As a freelance writer and social media consultant, I rely on my Windows 10 laptop (a ten-year-old Hewlett Packard Elitebook) for my work. However, the replacement charger blew out…two weeks after the original HP-branded charger blew out, and my laptop battery drained. That meant only one thing…getting my Linux laptop out of storage while I ordered another replacement charger.
My Linux laptop was purchased shortly after my 40th birthday: a decommissioned Panasonic Toughbook CF-29 with an SBC logo. I had always been an advocate of open source software, and considered myself to be living an “open source lifestyle.” After all, it was the integration of two sides of my personality: a rugged, military class laptop integrating community-driven software. It was powered (then) by Xubuntu (following some experimentation with Ubuntu), and towards the end…well, the Toughbook only had 512 KB RAM and was only upgradeable to 1.5 gigabytes. With such limited resources, could my old Linux laptop keep me going until I received a new charger?
The answer, with some considerations, is yes.
Thankfully, I had ordered a new 1 GB RAM stick for my Toughbook…but Xubuntu would not be the right Linux distribution (or “distro”); my Linux laptop would require something more flexible with such limited RAM and processing power. After doing a little research (one of the advantages of open source software is that communities have formed specifically around implementing software), I found some Linux distros that work on older computers. After test driving some distros on my mother’s computer, I decided that Linux Lite would best serve my laptop needs.
Another great advantage of open source software: you can run it off of a flash drive before installing it. And I have to admit that I loved Linux Lite’s out-of-the-box feel, so much so that I reconsidered installing my number two selection: LXLE, which is designed for underpowered older machines. According to a label on the bottom of my Toughbook, this pre-Linux laptop was decommissioned in 2005, making it well over ten years old. And so I replaced the RAM, installed Linux Lite, and after a short period, I was back to living a Linux laptop lifestyle while waiting for my charger.
In short, it took a week…but I realized that I had missed working with a Linux laptop.
Part of it is the unique look of the Toughbook, especially with its carrying handle. Walking around through various neighborhoods whether the Walker or Beverly branches of the Chicago Public Library or LaCatrina Cafe for the Chicago Doctor Who Meetup, I received plenty of flattering comments about my Linux laptop. (Thanks to some add-on software, I was able to use the laptop for a Meetup screening). One of my old high school classmates revealed via Facebook that he had used Linux to extend the life of his kids’ laptops. Although web browsing was a bit slower than usual, finding alternative browsers helped ease the strain on my Linux laptop.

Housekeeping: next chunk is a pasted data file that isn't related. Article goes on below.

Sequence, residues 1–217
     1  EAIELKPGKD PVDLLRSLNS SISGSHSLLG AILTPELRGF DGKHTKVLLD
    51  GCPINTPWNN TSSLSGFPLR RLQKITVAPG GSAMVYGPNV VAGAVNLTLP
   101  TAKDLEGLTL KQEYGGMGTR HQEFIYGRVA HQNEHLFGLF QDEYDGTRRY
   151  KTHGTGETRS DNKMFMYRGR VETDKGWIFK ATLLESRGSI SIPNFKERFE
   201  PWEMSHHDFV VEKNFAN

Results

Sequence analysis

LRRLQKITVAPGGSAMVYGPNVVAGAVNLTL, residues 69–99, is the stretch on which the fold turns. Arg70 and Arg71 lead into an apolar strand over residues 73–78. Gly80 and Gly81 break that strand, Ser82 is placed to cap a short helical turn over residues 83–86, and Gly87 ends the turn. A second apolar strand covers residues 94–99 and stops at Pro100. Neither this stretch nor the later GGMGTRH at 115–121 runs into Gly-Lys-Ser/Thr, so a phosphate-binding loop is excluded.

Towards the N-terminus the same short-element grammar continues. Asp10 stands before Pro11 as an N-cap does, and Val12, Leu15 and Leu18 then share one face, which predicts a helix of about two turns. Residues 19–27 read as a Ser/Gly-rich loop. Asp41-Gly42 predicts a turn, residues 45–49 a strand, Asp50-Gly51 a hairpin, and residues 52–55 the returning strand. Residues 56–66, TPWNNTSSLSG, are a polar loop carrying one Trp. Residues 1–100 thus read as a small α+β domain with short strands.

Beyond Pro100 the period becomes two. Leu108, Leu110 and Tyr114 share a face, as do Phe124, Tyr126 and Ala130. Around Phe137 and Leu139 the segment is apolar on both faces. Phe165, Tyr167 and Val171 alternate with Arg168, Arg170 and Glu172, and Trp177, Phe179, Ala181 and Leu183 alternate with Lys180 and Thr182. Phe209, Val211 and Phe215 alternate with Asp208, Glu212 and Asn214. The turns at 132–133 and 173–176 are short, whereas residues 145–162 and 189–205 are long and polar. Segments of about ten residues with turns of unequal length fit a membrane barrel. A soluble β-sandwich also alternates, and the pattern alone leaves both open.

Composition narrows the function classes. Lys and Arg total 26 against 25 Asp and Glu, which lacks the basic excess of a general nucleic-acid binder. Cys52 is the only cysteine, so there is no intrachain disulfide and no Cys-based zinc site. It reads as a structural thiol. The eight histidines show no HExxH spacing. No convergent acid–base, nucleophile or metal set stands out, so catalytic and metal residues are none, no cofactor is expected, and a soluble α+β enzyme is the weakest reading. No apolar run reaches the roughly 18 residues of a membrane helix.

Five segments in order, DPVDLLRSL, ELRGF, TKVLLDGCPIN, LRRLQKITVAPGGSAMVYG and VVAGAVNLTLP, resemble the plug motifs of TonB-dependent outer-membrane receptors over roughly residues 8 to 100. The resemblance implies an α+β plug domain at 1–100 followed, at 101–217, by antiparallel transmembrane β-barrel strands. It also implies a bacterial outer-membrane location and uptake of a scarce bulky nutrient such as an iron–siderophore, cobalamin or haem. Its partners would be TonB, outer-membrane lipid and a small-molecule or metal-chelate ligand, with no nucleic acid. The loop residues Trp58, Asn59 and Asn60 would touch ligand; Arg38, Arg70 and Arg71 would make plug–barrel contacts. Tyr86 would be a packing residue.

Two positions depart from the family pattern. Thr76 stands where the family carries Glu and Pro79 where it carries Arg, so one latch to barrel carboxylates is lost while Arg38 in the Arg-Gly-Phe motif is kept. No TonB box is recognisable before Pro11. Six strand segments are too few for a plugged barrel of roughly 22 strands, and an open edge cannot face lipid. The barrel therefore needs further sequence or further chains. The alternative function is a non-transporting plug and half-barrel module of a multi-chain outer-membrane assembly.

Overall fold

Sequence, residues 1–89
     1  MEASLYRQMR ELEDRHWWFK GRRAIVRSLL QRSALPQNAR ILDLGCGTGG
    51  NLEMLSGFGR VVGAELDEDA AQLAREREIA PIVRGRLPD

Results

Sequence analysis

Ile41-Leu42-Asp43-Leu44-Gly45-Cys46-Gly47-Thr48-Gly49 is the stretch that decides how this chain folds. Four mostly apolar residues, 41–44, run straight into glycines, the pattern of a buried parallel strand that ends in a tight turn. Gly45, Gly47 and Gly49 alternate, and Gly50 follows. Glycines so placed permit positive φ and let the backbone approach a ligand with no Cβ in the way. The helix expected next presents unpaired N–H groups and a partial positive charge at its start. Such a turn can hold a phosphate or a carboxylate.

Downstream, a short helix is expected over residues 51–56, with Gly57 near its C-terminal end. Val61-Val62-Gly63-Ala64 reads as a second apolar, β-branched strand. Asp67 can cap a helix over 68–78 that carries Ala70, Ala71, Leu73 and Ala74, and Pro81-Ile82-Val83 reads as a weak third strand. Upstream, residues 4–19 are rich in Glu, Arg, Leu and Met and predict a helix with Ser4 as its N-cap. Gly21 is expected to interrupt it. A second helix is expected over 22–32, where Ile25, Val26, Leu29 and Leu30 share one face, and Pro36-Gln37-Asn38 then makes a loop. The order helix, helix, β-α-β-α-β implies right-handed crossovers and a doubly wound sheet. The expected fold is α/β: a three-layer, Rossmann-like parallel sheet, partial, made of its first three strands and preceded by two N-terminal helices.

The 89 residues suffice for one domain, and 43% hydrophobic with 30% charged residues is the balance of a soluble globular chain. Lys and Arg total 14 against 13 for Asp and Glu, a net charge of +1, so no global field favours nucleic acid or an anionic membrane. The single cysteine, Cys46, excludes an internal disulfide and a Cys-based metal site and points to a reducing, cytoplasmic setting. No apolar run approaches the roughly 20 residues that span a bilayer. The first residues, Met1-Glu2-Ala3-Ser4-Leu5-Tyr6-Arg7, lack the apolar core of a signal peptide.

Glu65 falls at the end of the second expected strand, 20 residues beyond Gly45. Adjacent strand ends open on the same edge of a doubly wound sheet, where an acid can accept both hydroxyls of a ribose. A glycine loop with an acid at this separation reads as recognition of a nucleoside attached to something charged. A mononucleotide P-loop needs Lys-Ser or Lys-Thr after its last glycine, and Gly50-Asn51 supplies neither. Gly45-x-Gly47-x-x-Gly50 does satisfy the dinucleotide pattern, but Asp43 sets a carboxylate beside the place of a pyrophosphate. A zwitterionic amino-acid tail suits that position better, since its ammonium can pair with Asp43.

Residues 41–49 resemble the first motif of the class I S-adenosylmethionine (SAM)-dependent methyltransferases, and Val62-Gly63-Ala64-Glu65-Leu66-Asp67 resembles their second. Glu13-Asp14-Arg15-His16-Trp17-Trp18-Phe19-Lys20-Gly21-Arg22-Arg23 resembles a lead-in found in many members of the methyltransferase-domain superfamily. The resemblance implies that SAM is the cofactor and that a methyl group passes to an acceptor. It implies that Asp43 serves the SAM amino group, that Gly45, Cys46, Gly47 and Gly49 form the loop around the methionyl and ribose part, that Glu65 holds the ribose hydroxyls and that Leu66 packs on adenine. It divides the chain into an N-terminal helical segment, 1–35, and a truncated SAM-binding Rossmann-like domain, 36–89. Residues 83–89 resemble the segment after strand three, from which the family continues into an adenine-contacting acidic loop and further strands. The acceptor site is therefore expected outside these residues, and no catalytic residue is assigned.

Mostly, what I missed was the sense of freedom that I had with my Linux laptop. I have a great sense of liberation knowing that I will not get updates for the software unless I specifically request them. (Unlike Windows’ forced updates which slow down online access). When I had issues or wanted to add or remove software, there was a great sense of discovery. Plus, my Linux laptop became extremely customizable in terms of fonts (which I had to download), wallpapers, and organizing my files. (Linux Lite takes up 10 GB of a 40 GB hard drive, while Windows takes up 60 out of 140 GB). Even working with open source equivalent software became fun…if a bit of a challenge (I love discovering features in VLC Media Player, but could do without the slight learning curves of LibreOffice and GIMP Graphics editor).
In time, the new charger arrived, and my Windows laptop is now working. (In fact, choosing a higher wattage charger has eliminated many of the issues I was having previously). However, when it comes to heading out and above and “fun” computing…my Linux laptop has become my computing “friend with benefits.” I’m not sure I’ll ever be serious about integrating Linux full time…but I have to admit, it provides some great opportunities for learning…and exploring.
And if Windows 10 is too much for my HP laptop, will I go full-on Linux with that laptop? What do you think?
And as always, thanks for reading!